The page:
If carbon dioxide is removed by an extracorporeal membrane lung ventilated with room air, the natural lung can be used for oxygen transport alone; the authors have demonstrated this in lambs by maintaining lungs 'inflated' with 100 percent oxygen at constant pressure and removing all carbon dioxide through the membrane lung. This process is a variant of 'apneic oxygenation' without its disadvantages, because the arterial pH, PCO2 and PO2 all remain normal. No nitrogen washout is needed. These studies were carried out in five lambs anesthetized and paralyzed for 24 hours. For carbon dioxide removal, blood from the subclavian artery was pumped through an extracorporeal membrane lung and was returned into the external jugular vein. For oxygen delivery, the lungs were inflated through a tracheostomy tube with 100 percent oxygen to a pressure of 5 cm. H2O. There was no significant change in arterial blood PO2 after perfusion had begun or at the end of the perfusion 24 hours later. The arterial PCO2 remained steady, and there was no change in acid-base balance. The functional residual capacity (FRC) and static lung compliance remained unchanged. The total dead space was 10 to 15 ml. All animals recovered and survived in good health. At equilibrium, alveolar nitrogen partial pressure was always equal to the partial pressure of nitrogen in the ventilating gas of the membrane lung and was the sole determining factor in controlling alveolar oxygen concentration. Direct measurement of pulmonary gas showed alveolar gas at the level of the carina.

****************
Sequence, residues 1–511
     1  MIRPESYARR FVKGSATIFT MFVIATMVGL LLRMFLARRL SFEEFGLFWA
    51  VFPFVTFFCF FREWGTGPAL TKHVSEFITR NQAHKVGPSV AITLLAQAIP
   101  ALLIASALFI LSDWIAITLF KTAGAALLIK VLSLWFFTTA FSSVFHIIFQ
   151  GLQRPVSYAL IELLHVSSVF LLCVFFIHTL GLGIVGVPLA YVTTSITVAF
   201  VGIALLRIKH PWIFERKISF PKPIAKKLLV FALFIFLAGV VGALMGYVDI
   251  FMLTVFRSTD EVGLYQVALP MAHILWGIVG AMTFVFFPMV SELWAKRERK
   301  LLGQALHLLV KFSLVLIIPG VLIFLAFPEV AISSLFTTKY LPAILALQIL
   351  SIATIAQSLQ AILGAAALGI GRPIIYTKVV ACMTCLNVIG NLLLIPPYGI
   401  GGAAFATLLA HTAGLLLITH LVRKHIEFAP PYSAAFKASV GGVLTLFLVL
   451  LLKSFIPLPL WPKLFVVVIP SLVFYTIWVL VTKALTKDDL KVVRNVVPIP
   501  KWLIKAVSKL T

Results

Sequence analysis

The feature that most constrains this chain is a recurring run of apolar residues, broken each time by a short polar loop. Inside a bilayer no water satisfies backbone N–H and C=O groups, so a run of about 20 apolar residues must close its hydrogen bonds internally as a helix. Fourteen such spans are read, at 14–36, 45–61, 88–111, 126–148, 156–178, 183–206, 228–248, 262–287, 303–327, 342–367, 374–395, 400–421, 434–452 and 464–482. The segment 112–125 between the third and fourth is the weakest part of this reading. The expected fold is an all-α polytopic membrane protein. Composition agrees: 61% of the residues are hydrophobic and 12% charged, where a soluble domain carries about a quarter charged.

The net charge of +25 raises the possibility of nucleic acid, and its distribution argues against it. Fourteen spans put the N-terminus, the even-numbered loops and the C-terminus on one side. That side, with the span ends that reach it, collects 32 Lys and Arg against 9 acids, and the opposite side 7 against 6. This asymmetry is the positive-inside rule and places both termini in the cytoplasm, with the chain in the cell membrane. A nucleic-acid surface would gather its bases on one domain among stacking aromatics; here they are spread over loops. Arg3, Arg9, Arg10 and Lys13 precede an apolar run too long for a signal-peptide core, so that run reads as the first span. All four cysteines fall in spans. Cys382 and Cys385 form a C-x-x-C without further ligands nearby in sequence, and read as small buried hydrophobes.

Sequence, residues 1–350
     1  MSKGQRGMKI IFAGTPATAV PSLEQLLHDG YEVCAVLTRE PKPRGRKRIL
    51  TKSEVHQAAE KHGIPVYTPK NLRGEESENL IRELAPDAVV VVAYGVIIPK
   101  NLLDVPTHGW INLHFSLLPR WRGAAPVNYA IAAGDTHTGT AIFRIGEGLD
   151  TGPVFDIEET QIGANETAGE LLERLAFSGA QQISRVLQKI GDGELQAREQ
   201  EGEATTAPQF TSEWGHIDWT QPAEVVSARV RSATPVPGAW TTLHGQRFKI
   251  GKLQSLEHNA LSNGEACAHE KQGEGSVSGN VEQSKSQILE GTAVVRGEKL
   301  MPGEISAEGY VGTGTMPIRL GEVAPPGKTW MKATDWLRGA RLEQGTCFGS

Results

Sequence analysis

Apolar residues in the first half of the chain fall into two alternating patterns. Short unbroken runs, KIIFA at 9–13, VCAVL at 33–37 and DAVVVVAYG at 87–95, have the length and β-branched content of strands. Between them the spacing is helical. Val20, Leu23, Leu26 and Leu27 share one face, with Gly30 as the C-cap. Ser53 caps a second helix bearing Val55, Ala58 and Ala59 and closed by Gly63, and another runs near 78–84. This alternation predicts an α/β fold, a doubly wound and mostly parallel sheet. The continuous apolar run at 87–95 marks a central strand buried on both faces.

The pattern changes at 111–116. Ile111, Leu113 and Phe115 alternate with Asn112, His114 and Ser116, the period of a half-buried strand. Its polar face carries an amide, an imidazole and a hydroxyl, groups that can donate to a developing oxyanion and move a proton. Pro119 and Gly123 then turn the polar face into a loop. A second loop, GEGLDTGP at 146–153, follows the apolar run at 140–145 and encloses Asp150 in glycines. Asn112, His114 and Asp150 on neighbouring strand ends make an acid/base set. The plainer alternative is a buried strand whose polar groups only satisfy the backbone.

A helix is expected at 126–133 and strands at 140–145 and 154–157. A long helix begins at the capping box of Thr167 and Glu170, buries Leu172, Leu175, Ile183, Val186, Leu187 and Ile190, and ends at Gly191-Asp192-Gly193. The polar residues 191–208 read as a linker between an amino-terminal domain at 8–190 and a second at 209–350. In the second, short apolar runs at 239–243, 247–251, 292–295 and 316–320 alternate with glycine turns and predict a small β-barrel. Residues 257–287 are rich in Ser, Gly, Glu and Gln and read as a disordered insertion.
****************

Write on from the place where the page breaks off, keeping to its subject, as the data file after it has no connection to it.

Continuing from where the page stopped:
|Number of pages||6|
|Journal||Journal of Thoracic and Cardiovascular Surgery|
|Publication status||Published - 1978|
ASJC Scopus subject areas
- Cardiology and Cardiovascular Medicine